Five things you need to know today: deal or no deal, and Dems debate

Also: Turkey dismisses US sanctions.


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Deal or no deal

Talks between the UK and EU on the terms of a possible Brexit deal are entering their final day before the two-day EU summit at which it would need to be ratified by European leaders. 

Despite rumours circulating for most of yesterday that a deal was imminent, a final text has yet to emerge. But the DUP have already made clear they aren't happy with talk of a border in the Irish sea, making the path to getting any final deal through the current parliament even narrower than it already seemed. 

Dems debate

Twelve contenders for the US Democratic party nomination to face Donald Trump in next year's presidential election faced each other in an unwieldy debate in Westerville, Ohio last night. Unlike previous debates, at which former vice president Joe Biden was seen the main target, this time most attacks were focused on the Massachusetts Senator Elizabeth Warren, who has emerged as his main challenger in the race. Other candidates attacked her left-wing stances on subjects including healthcare and taxes. 

Erdogan won't back down

Turkish president Tayyip Erdogan has told President Trump that Turkey will never declare a ceasefire in northeastern syria, nor will it negotiate with the Kurdish forces it is fighting. The United States, which created space for the offensive by withdrawing its troops from the region, has been threatening Turkey with sanctions, to no avail.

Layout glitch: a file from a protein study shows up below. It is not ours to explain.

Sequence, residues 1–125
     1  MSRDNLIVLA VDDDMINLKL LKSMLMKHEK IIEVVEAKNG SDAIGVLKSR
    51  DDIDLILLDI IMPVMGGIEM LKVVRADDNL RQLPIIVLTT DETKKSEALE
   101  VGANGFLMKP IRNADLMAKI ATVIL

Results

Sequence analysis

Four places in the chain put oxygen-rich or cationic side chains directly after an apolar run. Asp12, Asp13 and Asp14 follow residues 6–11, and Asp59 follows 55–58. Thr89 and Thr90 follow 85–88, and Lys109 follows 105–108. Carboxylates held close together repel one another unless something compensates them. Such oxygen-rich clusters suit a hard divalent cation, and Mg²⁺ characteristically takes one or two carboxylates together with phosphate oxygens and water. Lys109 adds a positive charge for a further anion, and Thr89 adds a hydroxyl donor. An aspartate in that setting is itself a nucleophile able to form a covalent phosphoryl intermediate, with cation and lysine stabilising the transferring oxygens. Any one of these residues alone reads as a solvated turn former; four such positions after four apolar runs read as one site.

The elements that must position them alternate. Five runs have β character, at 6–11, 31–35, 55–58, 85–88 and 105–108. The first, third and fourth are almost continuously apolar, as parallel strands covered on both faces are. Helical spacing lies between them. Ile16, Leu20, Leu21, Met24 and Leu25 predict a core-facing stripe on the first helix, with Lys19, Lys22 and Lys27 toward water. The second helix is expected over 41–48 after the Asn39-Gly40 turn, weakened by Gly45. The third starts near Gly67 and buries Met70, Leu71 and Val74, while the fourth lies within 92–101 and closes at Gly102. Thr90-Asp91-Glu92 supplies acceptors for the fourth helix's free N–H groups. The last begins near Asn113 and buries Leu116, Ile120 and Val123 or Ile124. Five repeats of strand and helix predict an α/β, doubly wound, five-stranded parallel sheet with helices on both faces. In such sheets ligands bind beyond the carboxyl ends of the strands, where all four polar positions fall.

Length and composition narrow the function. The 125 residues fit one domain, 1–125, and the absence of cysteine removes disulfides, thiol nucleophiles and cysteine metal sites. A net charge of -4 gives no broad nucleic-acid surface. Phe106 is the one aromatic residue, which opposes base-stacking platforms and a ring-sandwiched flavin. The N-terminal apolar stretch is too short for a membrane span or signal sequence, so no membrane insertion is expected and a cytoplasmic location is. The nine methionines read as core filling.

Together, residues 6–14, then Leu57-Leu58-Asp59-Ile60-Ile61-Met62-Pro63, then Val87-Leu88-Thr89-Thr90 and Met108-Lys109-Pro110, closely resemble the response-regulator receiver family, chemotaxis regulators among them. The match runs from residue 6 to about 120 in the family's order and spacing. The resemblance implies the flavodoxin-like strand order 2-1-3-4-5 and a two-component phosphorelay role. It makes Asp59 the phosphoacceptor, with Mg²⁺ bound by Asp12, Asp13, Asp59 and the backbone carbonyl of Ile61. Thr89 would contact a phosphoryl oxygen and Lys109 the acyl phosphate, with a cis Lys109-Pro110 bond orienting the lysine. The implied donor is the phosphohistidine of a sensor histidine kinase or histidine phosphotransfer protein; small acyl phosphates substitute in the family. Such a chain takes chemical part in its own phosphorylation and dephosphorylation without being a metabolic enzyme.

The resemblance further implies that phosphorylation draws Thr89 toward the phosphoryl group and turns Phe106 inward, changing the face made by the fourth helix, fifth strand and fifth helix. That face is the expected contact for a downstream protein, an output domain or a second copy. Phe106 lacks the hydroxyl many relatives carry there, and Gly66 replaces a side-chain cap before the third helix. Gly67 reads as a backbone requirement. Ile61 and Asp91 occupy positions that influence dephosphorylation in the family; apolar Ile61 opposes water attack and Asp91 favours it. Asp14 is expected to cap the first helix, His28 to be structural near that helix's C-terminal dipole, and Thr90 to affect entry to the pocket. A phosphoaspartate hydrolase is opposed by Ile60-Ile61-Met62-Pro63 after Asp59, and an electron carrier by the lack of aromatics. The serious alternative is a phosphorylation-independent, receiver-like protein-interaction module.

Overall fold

Good news on renting, sort of

Private rents in the UK are rising slower than wages, research from property website Zoopla has found. The research found that rents have risen by an average of 2 per cent over the last year, half the level of typical wage rises.

The trend is not universal however, and several cities – Nottingham, Leeds, and Bristol – saw rents rise faster than wages.

"Send nudes" ad banned

The Advertising Standards Authority (ASA) has upheld a complaint about a Boohoo advert which uses the slogan "send nudes", on the grounds that it makes light of a "potentially harmful social trend". The ad was intended to promote a range of clothes which use skintones. Boohoo said it recognises the need to keep its advertising "socially responsible".